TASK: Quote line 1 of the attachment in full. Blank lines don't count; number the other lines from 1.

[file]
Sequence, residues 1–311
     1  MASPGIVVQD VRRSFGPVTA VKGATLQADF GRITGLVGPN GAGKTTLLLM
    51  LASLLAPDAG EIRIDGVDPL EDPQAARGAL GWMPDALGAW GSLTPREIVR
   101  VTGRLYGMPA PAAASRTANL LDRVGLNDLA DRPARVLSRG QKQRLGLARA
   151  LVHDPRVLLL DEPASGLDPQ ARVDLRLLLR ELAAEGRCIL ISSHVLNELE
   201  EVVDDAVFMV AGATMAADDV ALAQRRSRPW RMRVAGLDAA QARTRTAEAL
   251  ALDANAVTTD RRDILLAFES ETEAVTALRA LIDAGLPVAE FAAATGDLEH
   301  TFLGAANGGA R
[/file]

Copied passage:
Sequence, residues 1–311